Mandiwanzira hails Old Mutual rugby initiative


MEDIA, INFORMATION and Broadcasting Services deputy minister Supa Mandiwanzira says sport is a huge exporter where investment should be celebrated.


Mandiwanzira was speaking at the Old Mutual High-Density Schools Rugby Development Programme’s Inter Community Cup at Hartsfield Rugby Grounds on Friday where he was co-guest of honour.

“Rugby exports less in terms of numbers than soccer but more in terms of quality,” he said.

He went on to list some of the exported players like David Pocock, Brian Mujati, Tonderai Chavanga, Takudzwa Ngwenya, Tendai “Beast” Mtawarira among others who have left Zimbabwe to establish themselves outside the country, mostly in South Africa and Australia.

“Today we celebrate a huge investment to an area which needs it a lot – high-density. After this, how much talent will we produce if we have been able to produce such exceptional players from the few schools associated with the sport in the past?” he added.

He implored Old Mutual to expand the project to rural constituencies which would further-open up opportunities for boys and girls from previously marginalised schools to participate in rugby.

Explaining the relationship between his ministry and sport, Mandiwanzira said the country is on the verge of migrating to digital broadcasting which has a June 17 2015 deadline set by the International Telecommunications Union.

“This means one TV station will be able to broadcast many channels and what will happen is that all those channels will need content and I commend Old Mutual for creating a platform that will provide exciting content for media organisations,” he said.

“TV will be more popular in Zimbabwe if we could see our children playing rugby on TV because anywhere in the world, people want to see people they know, see themselves, see people who look like them or things they can associate with on TV,” Mandiwanzira said.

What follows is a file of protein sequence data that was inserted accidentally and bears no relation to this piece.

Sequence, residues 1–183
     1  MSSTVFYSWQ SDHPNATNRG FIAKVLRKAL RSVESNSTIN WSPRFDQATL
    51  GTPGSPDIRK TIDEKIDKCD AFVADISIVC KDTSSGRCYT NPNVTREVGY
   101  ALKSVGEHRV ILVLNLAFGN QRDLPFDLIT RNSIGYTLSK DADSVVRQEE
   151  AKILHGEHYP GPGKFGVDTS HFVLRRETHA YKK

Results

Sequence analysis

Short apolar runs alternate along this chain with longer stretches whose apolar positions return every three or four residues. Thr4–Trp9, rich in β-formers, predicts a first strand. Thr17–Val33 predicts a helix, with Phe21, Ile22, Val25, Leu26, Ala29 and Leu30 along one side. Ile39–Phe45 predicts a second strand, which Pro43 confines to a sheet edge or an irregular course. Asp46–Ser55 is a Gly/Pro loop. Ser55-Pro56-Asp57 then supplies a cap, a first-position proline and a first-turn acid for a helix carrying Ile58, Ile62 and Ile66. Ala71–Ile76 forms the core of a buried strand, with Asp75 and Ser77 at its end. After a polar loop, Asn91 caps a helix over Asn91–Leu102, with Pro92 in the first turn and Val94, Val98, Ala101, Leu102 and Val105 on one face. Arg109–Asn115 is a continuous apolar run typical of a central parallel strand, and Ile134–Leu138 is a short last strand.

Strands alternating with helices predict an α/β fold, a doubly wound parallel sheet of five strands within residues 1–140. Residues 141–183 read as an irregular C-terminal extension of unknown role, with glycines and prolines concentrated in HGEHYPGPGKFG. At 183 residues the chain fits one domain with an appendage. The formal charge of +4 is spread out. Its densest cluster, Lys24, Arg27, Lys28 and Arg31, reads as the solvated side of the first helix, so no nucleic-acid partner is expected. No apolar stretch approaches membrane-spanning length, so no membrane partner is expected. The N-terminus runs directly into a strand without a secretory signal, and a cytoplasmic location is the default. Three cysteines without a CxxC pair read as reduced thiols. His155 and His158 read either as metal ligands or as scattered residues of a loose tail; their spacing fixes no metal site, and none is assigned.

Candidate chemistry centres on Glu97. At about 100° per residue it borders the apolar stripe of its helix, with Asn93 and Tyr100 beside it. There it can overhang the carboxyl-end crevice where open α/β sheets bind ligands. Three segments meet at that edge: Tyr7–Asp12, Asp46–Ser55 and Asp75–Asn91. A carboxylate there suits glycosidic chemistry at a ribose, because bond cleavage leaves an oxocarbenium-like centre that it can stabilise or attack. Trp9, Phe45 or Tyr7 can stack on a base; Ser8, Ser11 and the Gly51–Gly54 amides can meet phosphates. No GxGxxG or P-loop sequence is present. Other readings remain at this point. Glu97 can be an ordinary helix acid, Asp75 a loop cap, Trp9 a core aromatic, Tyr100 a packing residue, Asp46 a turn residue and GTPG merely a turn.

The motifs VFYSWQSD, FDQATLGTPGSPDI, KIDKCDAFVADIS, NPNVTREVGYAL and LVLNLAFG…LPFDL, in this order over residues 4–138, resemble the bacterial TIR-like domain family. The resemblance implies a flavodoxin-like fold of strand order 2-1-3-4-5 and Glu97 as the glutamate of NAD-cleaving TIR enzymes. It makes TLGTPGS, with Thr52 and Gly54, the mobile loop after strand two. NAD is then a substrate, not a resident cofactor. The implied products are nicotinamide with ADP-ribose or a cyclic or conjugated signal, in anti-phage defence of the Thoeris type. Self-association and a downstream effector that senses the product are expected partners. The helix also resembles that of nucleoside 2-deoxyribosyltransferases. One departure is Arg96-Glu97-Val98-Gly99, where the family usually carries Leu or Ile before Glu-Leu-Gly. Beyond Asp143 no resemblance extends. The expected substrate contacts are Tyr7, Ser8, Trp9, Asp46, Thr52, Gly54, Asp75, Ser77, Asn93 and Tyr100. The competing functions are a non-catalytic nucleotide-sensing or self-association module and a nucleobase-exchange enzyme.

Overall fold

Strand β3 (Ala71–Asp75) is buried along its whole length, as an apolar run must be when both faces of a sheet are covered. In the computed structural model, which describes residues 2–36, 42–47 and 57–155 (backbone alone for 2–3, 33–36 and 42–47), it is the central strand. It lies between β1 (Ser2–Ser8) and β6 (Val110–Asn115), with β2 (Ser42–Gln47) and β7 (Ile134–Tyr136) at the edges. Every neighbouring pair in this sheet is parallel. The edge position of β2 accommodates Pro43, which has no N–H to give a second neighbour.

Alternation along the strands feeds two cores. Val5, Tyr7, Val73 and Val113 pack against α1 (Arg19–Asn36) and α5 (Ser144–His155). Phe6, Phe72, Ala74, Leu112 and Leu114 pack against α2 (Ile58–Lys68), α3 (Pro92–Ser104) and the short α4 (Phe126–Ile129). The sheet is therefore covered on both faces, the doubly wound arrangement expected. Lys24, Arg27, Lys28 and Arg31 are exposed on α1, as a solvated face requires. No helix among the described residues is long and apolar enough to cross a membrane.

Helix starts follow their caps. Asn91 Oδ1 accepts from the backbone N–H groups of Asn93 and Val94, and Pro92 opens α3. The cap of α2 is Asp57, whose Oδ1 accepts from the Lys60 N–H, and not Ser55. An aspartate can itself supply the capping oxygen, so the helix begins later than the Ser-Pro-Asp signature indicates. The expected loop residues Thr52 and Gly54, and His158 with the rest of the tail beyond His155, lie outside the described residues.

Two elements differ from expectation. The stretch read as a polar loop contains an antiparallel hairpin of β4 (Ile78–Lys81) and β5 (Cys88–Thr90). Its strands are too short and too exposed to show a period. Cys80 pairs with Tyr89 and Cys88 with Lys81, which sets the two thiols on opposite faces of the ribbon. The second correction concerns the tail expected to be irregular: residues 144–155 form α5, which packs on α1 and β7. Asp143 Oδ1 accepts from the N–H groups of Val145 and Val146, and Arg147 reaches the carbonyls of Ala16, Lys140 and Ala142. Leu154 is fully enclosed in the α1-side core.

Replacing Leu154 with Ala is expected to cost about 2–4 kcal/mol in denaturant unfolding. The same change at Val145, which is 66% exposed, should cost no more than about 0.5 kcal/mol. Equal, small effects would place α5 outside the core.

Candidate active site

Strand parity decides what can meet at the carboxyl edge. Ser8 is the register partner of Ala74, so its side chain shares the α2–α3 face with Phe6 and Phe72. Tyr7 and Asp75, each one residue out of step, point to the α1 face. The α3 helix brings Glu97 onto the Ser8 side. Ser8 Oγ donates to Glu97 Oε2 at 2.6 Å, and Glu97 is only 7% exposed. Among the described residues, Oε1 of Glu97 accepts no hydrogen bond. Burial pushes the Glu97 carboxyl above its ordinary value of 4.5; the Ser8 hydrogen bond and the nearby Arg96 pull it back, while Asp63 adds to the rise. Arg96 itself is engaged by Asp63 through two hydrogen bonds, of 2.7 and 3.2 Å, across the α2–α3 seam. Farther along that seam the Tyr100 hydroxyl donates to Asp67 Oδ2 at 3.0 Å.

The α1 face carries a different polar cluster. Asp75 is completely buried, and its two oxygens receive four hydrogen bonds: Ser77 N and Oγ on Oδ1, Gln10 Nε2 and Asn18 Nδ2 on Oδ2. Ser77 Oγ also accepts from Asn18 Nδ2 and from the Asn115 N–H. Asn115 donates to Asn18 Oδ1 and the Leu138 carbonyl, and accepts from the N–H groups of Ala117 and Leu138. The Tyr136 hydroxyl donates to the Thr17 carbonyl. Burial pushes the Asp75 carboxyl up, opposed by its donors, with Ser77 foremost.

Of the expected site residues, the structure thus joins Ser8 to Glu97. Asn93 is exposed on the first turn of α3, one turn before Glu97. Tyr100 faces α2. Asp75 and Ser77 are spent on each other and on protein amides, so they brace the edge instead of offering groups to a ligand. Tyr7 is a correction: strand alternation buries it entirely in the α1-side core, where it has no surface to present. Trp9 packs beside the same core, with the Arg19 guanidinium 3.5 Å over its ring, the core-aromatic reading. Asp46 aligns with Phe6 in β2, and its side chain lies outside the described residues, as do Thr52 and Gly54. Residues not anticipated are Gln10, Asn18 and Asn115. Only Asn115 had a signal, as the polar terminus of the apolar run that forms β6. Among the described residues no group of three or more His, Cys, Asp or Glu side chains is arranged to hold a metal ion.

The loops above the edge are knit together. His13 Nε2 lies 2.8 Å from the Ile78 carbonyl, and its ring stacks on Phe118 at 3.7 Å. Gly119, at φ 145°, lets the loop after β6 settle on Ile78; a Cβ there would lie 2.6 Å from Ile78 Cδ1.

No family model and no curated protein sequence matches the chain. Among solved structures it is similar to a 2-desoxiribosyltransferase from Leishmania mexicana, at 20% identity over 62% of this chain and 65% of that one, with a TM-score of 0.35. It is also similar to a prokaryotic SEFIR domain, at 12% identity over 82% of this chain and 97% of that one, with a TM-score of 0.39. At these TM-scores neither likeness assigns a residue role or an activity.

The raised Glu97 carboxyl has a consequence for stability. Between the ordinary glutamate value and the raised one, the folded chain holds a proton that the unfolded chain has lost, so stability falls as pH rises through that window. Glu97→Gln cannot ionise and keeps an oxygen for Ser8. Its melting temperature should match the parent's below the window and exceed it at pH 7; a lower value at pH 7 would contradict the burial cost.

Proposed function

“Furthermore, increased viewership increases the earning capacity of the sport that is why English Premier League players earn as much as they do. That would mean we will be able to retain players to benefit the national teams,” he added.

Sport, Arts and Culture deputy minister Tabeth Kanengoni-Malinga echoed Mandiwanzira’s sentiments saying the aim was to groom talent that the country could retain through building the right infrastructure and environment for it to want to stay.

“The Old Mutual High-Density Schools Development Programme is an honourable initiative that aids the government’s policy of creating equal opportunities for all,” she said.

“We have also been struggling to mitigate sanctions and sport is one way to do that,” she added.

Old Mutual group chief executive officer Jonas Mushosho said the programme made significant strides this year catering for over 1 561 boys and girls from 28 different schools in high-density areas.

“We are excited by the relationship we have with the Zimbabwe Rugby Union that has ignited excitement among rugby players from less privileged communities. We have watched the game grow through the number of new participants and also the development of children’s skills. This sets us for greater success next year,” Mushosho said.

Eight development teams identified by the Zimbabwe Rugby Union (ZRU) showcased their talent where rugby players from St Columba’s, Entumbane, Msitheli, Nkulumane, Sobukhazi, Sikhulile, Northlea and Mzilikazi had an opportunity to compete against each other at Under-14, Under-16 and Under-18 levels.

Entumbane were champions in the Under-16 and Under-14 categories while Sobukhazi coached by Killian Hadebe won the Under-18 category with a 20-0 triumph over Msitheli.

Elson Manyange, Handson Hlongwane and Talent Dube scored a try each for Sobukhazi while Oswell Msimanga contributed with one penalty conversion and one try conversion kick.

The competition was also watched by ZRU president John Falkenberg, vice-presidents Colleen de Jongé, Nyararai Sibanda, general manager Sifiso Made, Zimbabwe Sables coach Brendan Dawson and former ZRU director of rugby Liam Middleton.